Customized root-analogue dental implants - Procedure and errors associated with image acquisition, treatment, and manufacturing technology in an experimental study on a cadaver dog mandible

J Mech Behav Biomed Mater. 2022 Sep;133:105350. doi: 10.1016/j.jmbbm.2022.105350. Epub 2022 Jul 1.


The global market for dental implants is constantly evolving. To overcome the limitations of conventional strategies - invasive surgeries and bone loss around the implant-, new approaches, namely the development of CAD/CAM customized implants, are emerging as promising solutions for replacing missing teeth, thus avoiding destruction of bone by drilling it. Despite the efforts that are being carried out, the designing, including image acquisition, and manufacturing efficacy of such rehabilitation therapy is not easily found in the literature. In this sense, this research work aimed to assess the errors associated with the image acquisition, treatment and manufacturing of Customized Root-Analogue Implants (CRAI). The experimental procedure, carried out in a dog cadaveric mandible, encompassed the image acquisition and treatment and the subsequent manufacturing of four different CRAI. Two Image acquisition methods (CBCT and X-ray), and different software for their treatment were used, and the final CRAI were manufactured by Computer Numerical Control. Results revealed the CBCT scan allowed to properly visualize the original teeth contours. However, all the obtained teeth geometries presented smaller surface areas when compared to the original teeth indicating however a systematic predictable error. On the other hand, when comparing the surface area of the digital and the manufactured teeth, very small differences were observed, which indicates that the CNC manufacturing technique is a promising solution for such applications. When placing the produced CRAI in the dog mandible it was possible to observe a lack of congruency between the CRAI and bone, mainly due to image acquisition process errors and the destruction of the periodontal ligament during the soft tissues removal process. Thus, CBCT images seem to be a feasible route to design root-analogue implants, and, if needed, a compensation strategy for the systematic image acquisition error may be implemented.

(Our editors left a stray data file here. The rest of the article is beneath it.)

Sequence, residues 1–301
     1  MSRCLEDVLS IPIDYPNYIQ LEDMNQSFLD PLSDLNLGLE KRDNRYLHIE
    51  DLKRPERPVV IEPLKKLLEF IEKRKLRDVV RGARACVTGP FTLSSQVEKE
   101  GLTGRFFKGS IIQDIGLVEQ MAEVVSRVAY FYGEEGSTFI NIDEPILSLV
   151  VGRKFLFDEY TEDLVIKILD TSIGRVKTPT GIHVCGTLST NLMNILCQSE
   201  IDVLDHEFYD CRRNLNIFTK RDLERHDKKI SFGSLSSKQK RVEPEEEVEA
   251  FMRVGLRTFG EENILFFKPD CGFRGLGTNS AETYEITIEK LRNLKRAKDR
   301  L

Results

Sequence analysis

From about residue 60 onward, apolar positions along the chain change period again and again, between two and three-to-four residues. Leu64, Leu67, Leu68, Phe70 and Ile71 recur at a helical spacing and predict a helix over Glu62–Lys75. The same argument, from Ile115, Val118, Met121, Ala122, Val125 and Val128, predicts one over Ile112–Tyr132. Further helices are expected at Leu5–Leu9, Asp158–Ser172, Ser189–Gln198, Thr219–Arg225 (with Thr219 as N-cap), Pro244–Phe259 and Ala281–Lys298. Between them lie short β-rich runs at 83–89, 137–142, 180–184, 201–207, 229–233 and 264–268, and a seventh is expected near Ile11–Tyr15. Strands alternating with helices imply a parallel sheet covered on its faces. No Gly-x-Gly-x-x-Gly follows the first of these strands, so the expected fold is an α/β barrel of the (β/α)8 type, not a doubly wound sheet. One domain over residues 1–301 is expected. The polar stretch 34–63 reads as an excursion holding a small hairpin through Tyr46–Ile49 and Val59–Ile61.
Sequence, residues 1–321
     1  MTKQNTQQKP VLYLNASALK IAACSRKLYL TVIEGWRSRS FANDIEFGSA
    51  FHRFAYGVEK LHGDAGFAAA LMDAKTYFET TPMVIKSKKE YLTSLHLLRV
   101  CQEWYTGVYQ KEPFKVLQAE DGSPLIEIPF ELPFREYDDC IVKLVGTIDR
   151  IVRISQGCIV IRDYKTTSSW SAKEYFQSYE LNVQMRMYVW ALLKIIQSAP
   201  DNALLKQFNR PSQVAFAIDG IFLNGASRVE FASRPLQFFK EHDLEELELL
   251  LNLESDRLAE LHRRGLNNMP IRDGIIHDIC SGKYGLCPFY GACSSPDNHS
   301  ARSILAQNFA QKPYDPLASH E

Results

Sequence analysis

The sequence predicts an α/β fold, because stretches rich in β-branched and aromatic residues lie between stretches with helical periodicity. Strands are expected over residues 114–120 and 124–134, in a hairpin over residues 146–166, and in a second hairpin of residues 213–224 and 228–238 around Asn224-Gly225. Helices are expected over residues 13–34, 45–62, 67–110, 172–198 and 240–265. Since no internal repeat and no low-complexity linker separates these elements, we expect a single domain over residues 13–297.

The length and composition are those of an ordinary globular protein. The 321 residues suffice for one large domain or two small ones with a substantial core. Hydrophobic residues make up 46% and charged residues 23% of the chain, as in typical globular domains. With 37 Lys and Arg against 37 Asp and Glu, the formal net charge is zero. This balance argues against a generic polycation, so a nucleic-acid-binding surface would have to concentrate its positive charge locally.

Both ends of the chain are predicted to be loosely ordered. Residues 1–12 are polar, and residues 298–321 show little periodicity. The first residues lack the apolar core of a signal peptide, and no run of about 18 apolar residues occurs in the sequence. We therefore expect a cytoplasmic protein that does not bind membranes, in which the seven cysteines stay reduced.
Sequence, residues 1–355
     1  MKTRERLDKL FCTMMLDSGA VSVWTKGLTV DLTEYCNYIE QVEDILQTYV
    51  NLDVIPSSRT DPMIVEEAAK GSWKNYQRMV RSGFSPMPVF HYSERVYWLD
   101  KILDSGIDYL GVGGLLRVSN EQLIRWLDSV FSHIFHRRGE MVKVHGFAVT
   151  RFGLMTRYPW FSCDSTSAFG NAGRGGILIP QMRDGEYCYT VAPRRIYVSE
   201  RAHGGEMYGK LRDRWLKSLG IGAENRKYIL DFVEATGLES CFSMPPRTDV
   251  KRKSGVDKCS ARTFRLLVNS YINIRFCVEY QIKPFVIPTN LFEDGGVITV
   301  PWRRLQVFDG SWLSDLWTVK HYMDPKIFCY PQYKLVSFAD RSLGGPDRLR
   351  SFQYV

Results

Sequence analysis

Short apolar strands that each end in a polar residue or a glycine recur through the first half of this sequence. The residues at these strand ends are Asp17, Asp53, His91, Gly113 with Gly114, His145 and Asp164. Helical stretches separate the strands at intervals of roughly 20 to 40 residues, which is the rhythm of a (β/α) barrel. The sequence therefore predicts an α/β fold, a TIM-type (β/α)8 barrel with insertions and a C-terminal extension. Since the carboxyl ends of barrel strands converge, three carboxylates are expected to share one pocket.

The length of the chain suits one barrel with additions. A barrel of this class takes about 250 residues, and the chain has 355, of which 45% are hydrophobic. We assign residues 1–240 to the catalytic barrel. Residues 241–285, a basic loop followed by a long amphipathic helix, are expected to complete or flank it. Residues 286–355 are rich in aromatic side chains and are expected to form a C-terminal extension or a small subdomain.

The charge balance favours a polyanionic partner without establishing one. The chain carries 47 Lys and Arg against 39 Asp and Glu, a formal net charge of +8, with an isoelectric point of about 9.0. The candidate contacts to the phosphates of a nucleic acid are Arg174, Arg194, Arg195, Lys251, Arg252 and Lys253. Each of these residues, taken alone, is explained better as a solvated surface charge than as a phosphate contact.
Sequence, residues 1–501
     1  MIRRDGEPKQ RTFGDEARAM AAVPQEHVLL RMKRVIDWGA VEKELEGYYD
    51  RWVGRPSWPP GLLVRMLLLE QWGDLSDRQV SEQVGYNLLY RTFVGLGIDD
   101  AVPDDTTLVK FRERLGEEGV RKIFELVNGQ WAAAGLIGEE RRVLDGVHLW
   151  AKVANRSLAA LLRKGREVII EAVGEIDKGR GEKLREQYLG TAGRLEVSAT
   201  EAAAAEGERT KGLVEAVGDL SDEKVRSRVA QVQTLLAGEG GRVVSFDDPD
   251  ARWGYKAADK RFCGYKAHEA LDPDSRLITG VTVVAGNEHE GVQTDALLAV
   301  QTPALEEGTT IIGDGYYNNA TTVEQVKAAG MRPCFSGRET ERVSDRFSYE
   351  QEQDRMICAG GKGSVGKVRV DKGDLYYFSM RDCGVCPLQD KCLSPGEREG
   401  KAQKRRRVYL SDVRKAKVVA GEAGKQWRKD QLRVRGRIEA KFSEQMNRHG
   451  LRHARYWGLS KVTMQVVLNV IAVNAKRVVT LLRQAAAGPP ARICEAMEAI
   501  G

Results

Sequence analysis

Keywords: CAD/CAM; Cone-beam computed tomography; Customized root-analogue implant (CRAI); Zirconia.

MeSH terms

  • Animals
  • Cadaver
  • Computer-Aided Design
  • Dental Implants*
  • Dogs
  • Humans
  • Mandible / diagnostic imaging
  • Mandible / surgery
  • Technology


  • Dental Implants